The goal of psychotherapy is wellness. For some, that includes “fixing a disorder.” For others, perhaps taking a medication for life. Either way wellness is the goal.
Wellness practice (WP) is prioritization of behaviors that put the individual’s basic physical and emotional needs first. This includes exercise and healthy nutritional habits, setting up boundaries that allow relaxation, creativity and play, social interaction and spirituality. These behaviors help to reduce the effects of stress over time on our mind and body, including cardiovascular, G.I., and immune systems. WP also includes learning to be present and future oriented, and nonjudgmental toward our self and others.
Many people have roadblocks and resistances to WP, such as low self-worth, and difficulty with boundaries. Psychotherapy can help. Wellness practice=relapse prevention=illness prevention (“Vaccination”).
Mardi Horowitz, M.D. at a recent talk on PTSD, described the need to treat “negative” psychology (trauma) as well as “positive” psychology (enhancing strengths, skills-training, self-confidence, life fulfillment). He and Dr. Walsh have described the “integrative psychology” model which teaches the patient to focus on the here and now, developing adaptive skills, and revising their narrative “schema” into a newer belief system that is more adaptive, functional, and fulfilling. I would only add that the concepts and practice of Mindfulness enhance all of these goals. Also, there are many good Mindfulness resources we can refer our patients to, which frees up valuable office time to focus on what can’t be learned in other places.
What is therapy? What is “complementary treatment?” Is “Skills Training” psychotherapy? Homework assignments? CBT and DBT are widely accepted therapies for certain diagnoses. DBT includes the cognitive-behavioral components and adds various skills-trainings such as Emotion Regulation. The core concept of Mindfulness pulls it all together. We should explain the concepts and practices to our patients, how learning them can help towards their goals, and give references they can work with at home. I refer my patients to resources such as Thick Nhat Hanh’s “The Art of Mindful Living” that they listen to outside session while we work in-session dealing with questions and resistances, including revising beliefs and time prioritization. See my website www.thepotentmind.com (Blog page) for books, CDs and tapes I’ve reviewed and recommend to patients.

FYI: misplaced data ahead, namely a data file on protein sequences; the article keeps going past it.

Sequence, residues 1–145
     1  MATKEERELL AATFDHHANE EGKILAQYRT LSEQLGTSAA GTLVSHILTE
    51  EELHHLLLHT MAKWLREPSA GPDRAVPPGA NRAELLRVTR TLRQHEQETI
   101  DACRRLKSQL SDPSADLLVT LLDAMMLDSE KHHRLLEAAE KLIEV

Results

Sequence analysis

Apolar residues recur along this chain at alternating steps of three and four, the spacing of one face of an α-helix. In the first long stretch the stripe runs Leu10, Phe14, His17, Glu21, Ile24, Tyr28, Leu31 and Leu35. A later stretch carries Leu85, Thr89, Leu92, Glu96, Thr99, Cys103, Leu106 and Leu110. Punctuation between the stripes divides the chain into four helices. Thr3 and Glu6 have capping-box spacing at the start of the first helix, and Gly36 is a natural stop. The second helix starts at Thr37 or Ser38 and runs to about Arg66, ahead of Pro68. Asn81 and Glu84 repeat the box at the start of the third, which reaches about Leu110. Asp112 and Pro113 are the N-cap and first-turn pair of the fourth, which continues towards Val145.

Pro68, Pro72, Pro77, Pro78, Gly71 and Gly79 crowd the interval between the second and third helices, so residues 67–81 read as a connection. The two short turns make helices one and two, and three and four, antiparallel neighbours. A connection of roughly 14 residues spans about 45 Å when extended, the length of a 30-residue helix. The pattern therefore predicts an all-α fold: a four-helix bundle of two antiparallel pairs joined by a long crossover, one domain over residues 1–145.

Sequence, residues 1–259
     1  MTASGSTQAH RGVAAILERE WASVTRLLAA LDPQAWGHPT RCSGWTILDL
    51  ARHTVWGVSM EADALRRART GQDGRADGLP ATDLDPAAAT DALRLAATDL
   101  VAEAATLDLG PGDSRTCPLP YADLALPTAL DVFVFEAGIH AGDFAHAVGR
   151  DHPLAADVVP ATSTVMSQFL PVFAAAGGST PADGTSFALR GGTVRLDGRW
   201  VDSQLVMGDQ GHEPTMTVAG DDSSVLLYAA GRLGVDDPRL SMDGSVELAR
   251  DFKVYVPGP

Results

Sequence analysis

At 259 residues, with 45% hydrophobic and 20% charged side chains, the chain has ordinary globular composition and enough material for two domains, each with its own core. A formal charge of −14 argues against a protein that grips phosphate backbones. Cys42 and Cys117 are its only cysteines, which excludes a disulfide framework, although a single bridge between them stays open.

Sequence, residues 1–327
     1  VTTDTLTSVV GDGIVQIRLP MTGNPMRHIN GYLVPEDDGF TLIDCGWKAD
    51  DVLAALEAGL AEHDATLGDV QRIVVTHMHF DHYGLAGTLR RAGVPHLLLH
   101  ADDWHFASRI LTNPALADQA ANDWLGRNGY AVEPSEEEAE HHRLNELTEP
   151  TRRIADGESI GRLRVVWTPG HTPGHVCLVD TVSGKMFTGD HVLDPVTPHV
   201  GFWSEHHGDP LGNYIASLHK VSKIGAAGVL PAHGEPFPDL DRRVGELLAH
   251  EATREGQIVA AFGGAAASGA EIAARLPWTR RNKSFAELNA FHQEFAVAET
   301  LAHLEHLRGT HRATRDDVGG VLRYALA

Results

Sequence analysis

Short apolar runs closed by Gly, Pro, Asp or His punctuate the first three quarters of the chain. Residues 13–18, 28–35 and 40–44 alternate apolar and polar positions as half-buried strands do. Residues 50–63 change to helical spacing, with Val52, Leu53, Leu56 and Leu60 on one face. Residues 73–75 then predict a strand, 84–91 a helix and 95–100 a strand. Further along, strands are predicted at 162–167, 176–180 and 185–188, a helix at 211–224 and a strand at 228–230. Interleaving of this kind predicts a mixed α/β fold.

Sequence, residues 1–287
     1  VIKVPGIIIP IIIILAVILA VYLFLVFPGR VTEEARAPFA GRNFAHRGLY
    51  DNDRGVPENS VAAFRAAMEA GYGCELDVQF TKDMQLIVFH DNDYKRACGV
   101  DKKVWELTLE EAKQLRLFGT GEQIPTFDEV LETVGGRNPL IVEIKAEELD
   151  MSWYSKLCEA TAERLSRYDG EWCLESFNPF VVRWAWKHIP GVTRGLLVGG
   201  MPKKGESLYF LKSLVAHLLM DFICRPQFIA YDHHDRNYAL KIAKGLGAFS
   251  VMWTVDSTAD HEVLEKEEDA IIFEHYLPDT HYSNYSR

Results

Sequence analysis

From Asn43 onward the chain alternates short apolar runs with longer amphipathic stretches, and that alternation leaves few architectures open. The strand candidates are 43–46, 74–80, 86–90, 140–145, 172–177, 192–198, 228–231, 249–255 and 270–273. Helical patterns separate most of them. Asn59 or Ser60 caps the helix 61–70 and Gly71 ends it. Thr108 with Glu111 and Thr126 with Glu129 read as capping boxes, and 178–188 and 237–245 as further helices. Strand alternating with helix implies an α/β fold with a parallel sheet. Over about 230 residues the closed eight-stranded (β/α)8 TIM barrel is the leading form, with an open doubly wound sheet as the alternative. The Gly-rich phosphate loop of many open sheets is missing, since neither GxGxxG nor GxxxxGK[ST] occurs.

The term “bibliotherapy” (from “papyrus”) has been widely used to describe homework as part of psychotherapy. This term is even more archaic today, as homework assignments come in many forms. An article in February 2009 CNS Spectrums reported a review of meta-analyses of self-help and Internet-guided interventions for depression and anxiety disorders. Results showed medium to large effect sizes compared with control conditions. Effects varied according to diagnosis, and also whether used alone or in conjunction with psychotherapy. While there are many limitations, there are also many advantages, including augmentation of psychotherapy, as well as lowering the threshold to get help for those less seriously ill.
I’m inviting readers to send me suggestions for a new term to describe homework assignments and applying what’s learned during sessions in everyday life. This is indeed the most important part of “psychotherapy,” just as it is impossible to learn how to swim by talking about it and not getting in the pool. I’m thinking in the direction of “Self-Growth Practice” or “Lifework: Because you don’t just do it at home”.